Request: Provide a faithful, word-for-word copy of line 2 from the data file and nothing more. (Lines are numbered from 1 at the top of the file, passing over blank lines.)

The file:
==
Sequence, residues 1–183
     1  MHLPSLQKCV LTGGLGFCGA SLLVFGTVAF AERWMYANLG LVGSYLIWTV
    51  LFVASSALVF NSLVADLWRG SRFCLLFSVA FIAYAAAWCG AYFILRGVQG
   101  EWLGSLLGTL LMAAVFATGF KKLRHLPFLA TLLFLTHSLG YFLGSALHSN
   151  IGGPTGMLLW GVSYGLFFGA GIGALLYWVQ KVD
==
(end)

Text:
     1  MHLPSLQKCV LTGGLGFCGA SLLVFGTVAF AERWMYANLG LVGSYLIWTV